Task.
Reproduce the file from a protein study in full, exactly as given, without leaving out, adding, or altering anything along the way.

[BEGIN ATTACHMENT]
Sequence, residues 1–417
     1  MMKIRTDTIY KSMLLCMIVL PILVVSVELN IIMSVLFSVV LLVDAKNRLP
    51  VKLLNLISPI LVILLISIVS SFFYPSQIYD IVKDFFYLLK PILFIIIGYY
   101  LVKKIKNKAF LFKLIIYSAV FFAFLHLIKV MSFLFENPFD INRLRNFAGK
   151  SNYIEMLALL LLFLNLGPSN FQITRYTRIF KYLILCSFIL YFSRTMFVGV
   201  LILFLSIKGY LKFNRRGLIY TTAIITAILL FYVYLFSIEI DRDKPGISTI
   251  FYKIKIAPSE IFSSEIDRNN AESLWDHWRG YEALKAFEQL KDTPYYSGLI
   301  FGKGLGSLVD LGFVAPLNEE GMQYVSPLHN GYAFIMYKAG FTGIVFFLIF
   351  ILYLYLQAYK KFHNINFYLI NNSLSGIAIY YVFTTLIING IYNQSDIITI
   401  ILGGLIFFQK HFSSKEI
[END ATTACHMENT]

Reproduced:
Sequence, residues 1–417
     1  MMKIRTDTIY KSMLLCMIVL PILVVSVELN IIMSVLFSVV LLVDAKNRLP
    51  VKLLNLISPI LVILLISIVS SFFYPSQIYD IVKDFFYLLK PILFIIIGYY
   101  LVKKIKNKAF LFKLIIYSAV FFAFLHLIKV MSFLFENPFD INRLRNFAGK
   151  SNYIEMLALL LLFLNLGPSN FQITRYTRIF KYLILCSFIL YFSRTMFVGV
   201  LILFLSIKGY LKFNRRGLIY TTAIITAILL FYVYLFSIEI DRDKPGISTI
   251  FYKIKIAPSE IFSSEIDRNN AESLWDHWRG YEALKAFEQL KDTPYYSGLI
   301  FGKGLGSLVD LGFVAPLNEE GMQYVSPLHN GYAFIMYKAG FTGIVFFLIF
   351  ILYLYLQAYK KFHNINFYLI NNSLSGIAIY YVFTTLIING IYNQSDIITI
   401  ILGGLIFFQK HFSSKEI